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Posts Tagged ‘behavior’

Customer Relations: Bringing power back to Marketing during the B2B buying process

October 18th, 2011
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“Marketing is broken…”

In an event packed with quotable, Tweetable comments from marketing experts, the above, from Kristin Zhivago’s keynote, “The Buyer’s Funnel and Your Political Power: Joined at the Hip,” may have been my favorite sound byte from the East Coast swing of B2B Summit 2011.

(Though I also loved her idea of “drinking from the fire hose of truth,” but I digress…)

According to Zhivago, customers’ wants and needs are unknown, and as such, Marketing is making assumptions on how to market to different segments. We’re expected to communicate with customers, but are often removed from the conversation by Sales. Essentially, the customer relationship is regularly outsourced to Sales, relinquishing control of our most crucial job function. Think about it, if your CEO asked, “What does the customer want?” would she ask you or someone in Sales?

And the answer to that question has never been more crucial. Thanks to the continually growing importance of easily accessible information on the Internet to buyer decisions, customers have been forced into a position of power, and are more in charge of the buying process than ever before, leaving companies to struggle with this shift in power.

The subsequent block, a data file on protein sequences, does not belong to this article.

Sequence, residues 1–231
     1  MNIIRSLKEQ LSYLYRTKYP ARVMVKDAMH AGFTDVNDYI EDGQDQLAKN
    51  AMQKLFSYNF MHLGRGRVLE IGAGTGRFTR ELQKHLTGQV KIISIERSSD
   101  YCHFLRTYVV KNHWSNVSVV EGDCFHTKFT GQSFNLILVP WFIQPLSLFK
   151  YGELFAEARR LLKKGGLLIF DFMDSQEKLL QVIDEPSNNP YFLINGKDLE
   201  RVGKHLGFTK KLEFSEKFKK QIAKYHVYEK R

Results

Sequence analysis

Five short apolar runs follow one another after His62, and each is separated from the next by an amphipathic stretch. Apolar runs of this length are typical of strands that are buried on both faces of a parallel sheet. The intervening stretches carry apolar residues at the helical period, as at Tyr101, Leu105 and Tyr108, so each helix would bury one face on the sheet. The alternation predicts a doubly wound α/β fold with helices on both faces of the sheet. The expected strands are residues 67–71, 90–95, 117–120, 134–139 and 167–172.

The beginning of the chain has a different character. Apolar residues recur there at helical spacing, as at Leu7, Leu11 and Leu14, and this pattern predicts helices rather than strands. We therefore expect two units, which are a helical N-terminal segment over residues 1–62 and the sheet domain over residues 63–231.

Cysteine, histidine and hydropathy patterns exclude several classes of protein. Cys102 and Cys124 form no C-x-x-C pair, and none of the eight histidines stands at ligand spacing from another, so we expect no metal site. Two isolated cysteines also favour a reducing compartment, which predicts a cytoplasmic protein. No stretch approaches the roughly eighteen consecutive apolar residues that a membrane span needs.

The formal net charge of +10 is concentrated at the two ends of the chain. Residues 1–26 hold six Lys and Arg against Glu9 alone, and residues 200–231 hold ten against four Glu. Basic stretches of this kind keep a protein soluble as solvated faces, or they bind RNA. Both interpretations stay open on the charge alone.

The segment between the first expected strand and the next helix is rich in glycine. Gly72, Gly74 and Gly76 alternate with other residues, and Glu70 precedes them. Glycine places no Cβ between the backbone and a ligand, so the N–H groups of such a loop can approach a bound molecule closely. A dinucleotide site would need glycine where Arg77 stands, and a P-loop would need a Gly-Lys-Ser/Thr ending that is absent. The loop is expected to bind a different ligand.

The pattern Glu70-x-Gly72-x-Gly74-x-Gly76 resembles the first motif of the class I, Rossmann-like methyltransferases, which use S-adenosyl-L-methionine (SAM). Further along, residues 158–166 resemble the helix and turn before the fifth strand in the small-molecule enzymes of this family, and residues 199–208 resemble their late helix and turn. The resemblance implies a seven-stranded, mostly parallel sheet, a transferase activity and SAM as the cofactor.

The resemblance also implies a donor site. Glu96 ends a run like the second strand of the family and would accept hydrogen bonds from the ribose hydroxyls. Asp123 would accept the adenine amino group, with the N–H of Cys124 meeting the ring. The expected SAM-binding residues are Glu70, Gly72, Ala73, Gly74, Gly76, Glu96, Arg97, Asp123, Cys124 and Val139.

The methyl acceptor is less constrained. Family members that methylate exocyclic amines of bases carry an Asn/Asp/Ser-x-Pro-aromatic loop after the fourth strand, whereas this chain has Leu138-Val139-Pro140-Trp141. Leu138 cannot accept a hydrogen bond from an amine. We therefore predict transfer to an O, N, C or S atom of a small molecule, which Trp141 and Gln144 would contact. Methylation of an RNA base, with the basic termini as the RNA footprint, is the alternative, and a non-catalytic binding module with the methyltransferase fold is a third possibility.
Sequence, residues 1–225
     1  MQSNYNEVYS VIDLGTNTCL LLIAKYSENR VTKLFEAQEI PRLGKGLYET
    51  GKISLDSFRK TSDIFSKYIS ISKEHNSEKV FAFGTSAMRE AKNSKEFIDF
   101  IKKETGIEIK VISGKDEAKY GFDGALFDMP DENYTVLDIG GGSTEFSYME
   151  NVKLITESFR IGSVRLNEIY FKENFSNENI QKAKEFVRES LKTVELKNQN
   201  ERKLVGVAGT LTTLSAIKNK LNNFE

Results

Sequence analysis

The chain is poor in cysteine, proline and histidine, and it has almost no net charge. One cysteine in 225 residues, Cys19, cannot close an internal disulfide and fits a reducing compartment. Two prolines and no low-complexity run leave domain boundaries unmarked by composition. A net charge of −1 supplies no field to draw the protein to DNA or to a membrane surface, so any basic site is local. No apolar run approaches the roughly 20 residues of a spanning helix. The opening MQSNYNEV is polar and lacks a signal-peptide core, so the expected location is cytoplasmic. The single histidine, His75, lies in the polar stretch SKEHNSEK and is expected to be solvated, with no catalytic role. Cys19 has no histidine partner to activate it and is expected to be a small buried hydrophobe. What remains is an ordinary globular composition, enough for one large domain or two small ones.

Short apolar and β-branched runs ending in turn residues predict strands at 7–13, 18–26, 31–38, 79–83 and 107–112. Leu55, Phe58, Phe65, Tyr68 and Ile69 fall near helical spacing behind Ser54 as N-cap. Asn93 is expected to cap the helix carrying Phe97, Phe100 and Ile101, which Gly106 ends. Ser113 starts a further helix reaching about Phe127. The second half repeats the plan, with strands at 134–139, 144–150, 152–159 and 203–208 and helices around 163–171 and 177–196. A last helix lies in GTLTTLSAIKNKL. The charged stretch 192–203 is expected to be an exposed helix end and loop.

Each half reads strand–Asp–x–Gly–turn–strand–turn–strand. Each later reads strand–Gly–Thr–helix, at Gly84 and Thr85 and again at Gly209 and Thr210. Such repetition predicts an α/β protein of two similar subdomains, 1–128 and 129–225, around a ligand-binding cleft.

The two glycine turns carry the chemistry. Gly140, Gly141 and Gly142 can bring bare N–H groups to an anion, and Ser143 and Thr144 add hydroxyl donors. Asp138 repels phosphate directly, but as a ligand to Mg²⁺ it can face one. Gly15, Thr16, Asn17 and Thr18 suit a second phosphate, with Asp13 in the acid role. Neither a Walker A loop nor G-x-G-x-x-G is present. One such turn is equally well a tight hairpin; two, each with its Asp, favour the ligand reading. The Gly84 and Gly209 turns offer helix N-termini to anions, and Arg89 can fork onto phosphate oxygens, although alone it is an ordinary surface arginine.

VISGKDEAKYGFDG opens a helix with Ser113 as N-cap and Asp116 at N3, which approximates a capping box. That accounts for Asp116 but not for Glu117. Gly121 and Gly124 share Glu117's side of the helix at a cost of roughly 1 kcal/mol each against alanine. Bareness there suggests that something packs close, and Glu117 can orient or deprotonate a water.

More than 80% of customer questions are answered before talking to a salesperson. Their information needs are being met by other customers, not company authorities.

In short, if you can’t answer customers’ questions both internally and with your marketing, you’re abandoning your position of authority in your organization and undercutting all of your marketing efforts.

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Marketing Psychology: The behavioral triggers behind success at Amazon, Groupon and FarmVille

September 8th, 2011
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I like to think of myself as a savvy consumer. I research purchases. I ask friends for suggestions. I look for deals. This has undoubtedly spared me headaches and wasted money — but it has not freed me from clever marketing.

This fact is made clear in a recent Wired article by Dan Ariely, Professor of Behavioral Economics, Duke University. In the piece, Ariely explains the psychological factors that help build Amazon, Facebook, Groupon and other successful companies.

We interviewed Ariely last year about his book, Predictably Irrational: The Hidden Forces That Shape Our Decisions, and published his advice. Here are three marketing insights from his recent article in Wired:

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